Museum Day!

Museum Day

Wintersweet at LJ (who I’m not linking because I never remember who is friends-only and who isn’t, mentioned this the other day, which reminded me that I hadn’t mentioned it.

Museum day is a national event that Smithsonian Magazine sponsors. This year, it’s co-sponsored by Hyundai. If you click the image above, or go here, you can fill out and print a card that gives you and a guest free admission to any of a number of museums around the country, this Saturday, September 29th.

(Apologies to my Canadian readers, this only applies to museums in the U.S.A. – though if you live near the border, and feel like driving…)

Fuzzy and I have plans to go to the Frontiers of Flight museum at Love Field. Where will you go?


I’ve been writing a lot about insurance for work this week, which, I have to be honest, is a refreshing break from cars. I’m now an expert, by the way, in how to reduce your premiums. Just ask me.

Because of this, it seems only natural that when talking with my mother about my hope to spend May writing in France, and her wish to spend the same spring exploring Italy with my stepfather, that the conversation eventually got around to traveler protection, and specifically travel insurance for people over 65 – like my parents – or rather, like my step-father.

We also had a lovely laugh about the “instant Mexico insurance” that people used to buy before any trip across the border. It doesn’t exist any more, but really traveling to Mexico is safer than traveling from New York to San Francisco, as long as you’re reasonably aware of your surroundings.

Speaking of travel, I found that the Ethan Hawke/Julie Delpy movie Before Sunrise was one of the free videos on demand on Uverse last night, and had it playing while I was writing. I love that movie, and it’s sequel, Before Sunset because really, they’re just fascinating conversations set against amazing scenery. It’s like a walking tour, with someone else doing the walking.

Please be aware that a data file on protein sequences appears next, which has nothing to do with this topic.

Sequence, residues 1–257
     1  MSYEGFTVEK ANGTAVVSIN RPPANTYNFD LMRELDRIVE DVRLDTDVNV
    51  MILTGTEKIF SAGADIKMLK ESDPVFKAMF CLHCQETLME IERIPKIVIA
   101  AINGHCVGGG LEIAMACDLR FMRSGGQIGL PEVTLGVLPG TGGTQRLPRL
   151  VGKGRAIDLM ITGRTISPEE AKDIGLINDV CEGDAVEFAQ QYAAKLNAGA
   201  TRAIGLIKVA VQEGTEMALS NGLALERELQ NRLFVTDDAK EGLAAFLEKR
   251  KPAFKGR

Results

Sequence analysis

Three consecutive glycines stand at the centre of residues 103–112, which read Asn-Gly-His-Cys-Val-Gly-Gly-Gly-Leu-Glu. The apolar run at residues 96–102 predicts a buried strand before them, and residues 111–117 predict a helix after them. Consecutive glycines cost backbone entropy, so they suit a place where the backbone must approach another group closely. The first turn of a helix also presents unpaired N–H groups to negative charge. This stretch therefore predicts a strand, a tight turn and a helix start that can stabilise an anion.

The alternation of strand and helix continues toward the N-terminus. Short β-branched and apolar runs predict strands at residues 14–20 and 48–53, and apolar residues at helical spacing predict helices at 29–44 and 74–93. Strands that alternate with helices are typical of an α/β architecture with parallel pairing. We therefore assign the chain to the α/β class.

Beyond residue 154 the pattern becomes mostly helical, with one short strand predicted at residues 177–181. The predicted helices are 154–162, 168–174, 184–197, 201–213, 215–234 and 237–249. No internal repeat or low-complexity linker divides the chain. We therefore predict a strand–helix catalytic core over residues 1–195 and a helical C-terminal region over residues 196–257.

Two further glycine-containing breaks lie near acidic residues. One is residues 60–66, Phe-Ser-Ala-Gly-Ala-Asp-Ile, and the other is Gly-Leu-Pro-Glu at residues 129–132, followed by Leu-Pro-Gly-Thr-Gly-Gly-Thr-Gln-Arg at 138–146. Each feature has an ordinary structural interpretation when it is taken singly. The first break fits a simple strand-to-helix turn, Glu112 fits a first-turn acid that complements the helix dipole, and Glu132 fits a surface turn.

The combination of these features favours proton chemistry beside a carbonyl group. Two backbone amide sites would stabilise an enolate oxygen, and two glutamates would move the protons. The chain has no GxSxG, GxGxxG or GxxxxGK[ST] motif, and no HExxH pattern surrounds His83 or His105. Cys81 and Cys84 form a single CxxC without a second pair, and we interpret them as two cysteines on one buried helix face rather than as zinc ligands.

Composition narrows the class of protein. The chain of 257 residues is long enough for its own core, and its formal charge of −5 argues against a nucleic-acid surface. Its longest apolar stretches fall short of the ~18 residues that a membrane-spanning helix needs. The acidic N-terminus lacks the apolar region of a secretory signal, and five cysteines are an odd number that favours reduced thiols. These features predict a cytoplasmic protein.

Movies like that always make me feel like writing.
Yes, I find inspiration in odd places.


An early payday from a paid blogging service I work with has been translated into a new order from Black Phoenix.

Here’s what I’ve ordered (italics are BPAL’s descriptions):


Beaver Moon:
Traditionally, Beaver Moon is named thus for a very obvious reason: during this time of year, beavers are hard at work building their dams and preparing for the onset of winter. However, we at BPAL rarely let an opportunity for sleazy campiness pass us by! For your pleasure and amusement, we present this year’s incarnation of Beaver Moon: wild cherry with vanilla cream accord, and a hint of strawberry.

Samhain 2007:
Truly the scent of autumn itself — damp woods, fir needle, and black patchouli with the gentlest touches of warm pumpkin, clove, nutmeg, allspice, sweet red apple and mullein.

Also imps (sample tubes) of:
Black Phoenix
Blood Kiss
Windward Passage

which descriptions I won’t post.

I find that the descriptions of their scents inspire me as much as the actual scents do, if not more, and I like having options so I can pick a scent – or scents, some layer really well – to change or enhance my mood.

I spent most of my life not allowed to wear perfume because my mother is allergic.

I might be overcompensating now.

But only a little.

Sand Castles

I am a beach baby, and I come by it honestly. The day before I was born, my very pregnant mother spent the day at the shore, floating and paddling in salt water until the lifeguard asked her to come in, telling her, “Miss, please come back to the beach now. Your mother is worried, and frankly, so are we.”

My first word was “beach,” and while I did have blocks, and play with them at a young age, my first toy was sand, my first structure a castle that looked suspiciously like an inverted paper cup fashioned from wet sand, with a sea gull feather as a flag.

I don’t live near enough to a beach to indulge in making sand castles all that often, but part of me still has that urge, which is why I was interested to learn of moon sand.

Moon Sand is technicolored modeling sand, softer and less messy than clay, and not dependent on water to make it stick together the way beach sand is. It’s non-toxic, contains no peanuts or wheat products, and you can get a sample kit for less than $20 (tax and shipping not included).

The folks who make Moon Sand also have come really cool sand castle molds, and an inflatable sand box that can hold enough sand for an entire model of Carcassone, or merely accommodate a collection of small hands. Even better, it doesn’t absorb water, and it floats, so if you wanted to build a moat around your castle, you totally could.

I’m really excited about ordering some moon sand.
Sand castles, here I come!